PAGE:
If I wanted to look into the Bell study, I’d need to look at patient mortality information. That’s based on health records, which are confidential. I’d have to be content with the anonymized, compiled data. But the Bell study was funded by the EPA. So, if I’m a Congressperson, tasked with accepting or rejecting the EPA recommendation, should I be able to look at the confidential data in order to check out the study? That’s the sticky bit.

And what if I’m one of the scientists who co-authored the Bell study? Arguably, that would make me a really good person to ask about air quality and mortality. But if I’m on the Science Advisory Board, and I got a grant from the EPA to do this study, and I co-authored the study, is it a conflict of interest for me to help recommend air quality standards to the EPA?

I would say of course not. Public health research requires public grants, and scientists who know what they’re talking about are the people who did these studies. However, to Republicans, this looks like “stacking the deck” with EPA cronies. And matters are not helped at all when the SAB won’t turn over the health records upon which the studies are based. I understand why they’re not turning them over, but you can see why the policymakers are frustrated.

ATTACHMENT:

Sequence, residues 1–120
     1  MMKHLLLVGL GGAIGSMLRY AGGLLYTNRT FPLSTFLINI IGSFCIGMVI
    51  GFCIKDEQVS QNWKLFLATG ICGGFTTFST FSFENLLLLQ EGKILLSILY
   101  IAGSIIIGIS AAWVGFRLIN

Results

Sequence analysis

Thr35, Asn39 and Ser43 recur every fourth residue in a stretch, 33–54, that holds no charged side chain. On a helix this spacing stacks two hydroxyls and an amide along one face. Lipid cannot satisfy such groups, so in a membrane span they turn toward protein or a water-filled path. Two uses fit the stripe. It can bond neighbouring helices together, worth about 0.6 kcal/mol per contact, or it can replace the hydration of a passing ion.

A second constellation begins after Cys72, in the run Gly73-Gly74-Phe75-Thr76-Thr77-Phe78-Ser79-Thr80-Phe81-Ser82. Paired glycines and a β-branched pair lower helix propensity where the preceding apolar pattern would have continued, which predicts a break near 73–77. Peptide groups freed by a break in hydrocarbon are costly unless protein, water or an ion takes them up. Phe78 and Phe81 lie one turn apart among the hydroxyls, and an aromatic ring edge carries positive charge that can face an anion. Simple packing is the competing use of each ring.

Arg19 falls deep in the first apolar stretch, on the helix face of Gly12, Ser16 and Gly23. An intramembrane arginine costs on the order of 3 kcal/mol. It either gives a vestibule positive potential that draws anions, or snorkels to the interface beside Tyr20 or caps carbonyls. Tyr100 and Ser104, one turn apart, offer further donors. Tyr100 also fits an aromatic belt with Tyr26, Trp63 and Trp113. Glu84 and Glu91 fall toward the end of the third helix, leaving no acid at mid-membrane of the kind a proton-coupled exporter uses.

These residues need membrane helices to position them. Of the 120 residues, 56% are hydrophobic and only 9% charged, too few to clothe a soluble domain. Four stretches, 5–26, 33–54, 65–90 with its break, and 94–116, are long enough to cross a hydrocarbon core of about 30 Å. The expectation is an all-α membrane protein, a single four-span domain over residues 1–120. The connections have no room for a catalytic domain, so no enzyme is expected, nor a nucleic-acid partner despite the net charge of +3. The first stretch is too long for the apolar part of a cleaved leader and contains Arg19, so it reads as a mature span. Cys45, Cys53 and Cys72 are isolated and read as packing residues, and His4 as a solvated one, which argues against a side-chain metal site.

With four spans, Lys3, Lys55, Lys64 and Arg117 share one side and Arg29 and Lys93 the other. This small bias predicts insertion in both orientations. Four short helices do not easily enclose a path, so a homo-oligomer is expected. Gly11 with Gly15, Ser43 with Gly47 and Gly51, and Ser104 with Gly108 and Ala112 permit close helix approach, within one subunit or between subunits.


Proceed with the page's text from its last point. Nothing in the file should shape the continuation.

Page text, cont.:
This is not to say that they’re right. They do not care about the public health aspect of this, make no mistake about it. They’re worried about the cost, and nothing else.

2 thoughts on “Jenergy: It’s not that they hate science, it’s that they love money.

  1. Mahdi

    Jen, I don’t think one really needs to have access to the confidential data to check out the study. I mean, it is really unlikely that there is a quantifiable relevant factor in the study population that has not been included in the analysis because of confidentiality. Unless, one is skeptical if those scientist made the data up (entirely or in part).
    Also it wont hurt to take a look at other air quality standard in other countries (you know, because some people might not believe in conspiracy theory). There are so many information resources on that, but I think these two reports have done quite a nice job compiling the data:
    http://www.davidsuzuki.org/publications/downloads/2006/DSF-HEHC-Air-Web2r.pdf (page6)
    http://www2.dmu.dk/AtmosphericEnvironment/Expost/database/docs/AQ_limit_values.pdf (last page).
    Just notice that EPA revoked 1hr ozone standard in 2005 and adopted 8hr average (so, comparison only makes sense with those countries that are moved to 8hr standard)
    Thanks for the note!

    • I agree that you don’t need to access the confidential data! Unfortunately, the head of the House Environment Subcommittee (Chris Stewart it was, at the time) thought he most certainly did need to see it (as did Lamar Smith, head of the Science, Space, and Technology Committee). Their reasoning was, if we’re going to set a rule that will cost millions of dollars, are we completely positive there’s a non-partisan reason for doing so? You’re absolutely correct that we should look at other countries’ rules, and the EPA has done so. None of the limits they’ve proposed are unreasonable, nor out of step with scientific understanding. That, of course, doesn’t stop Smith and Stewart from scrutinizing the data.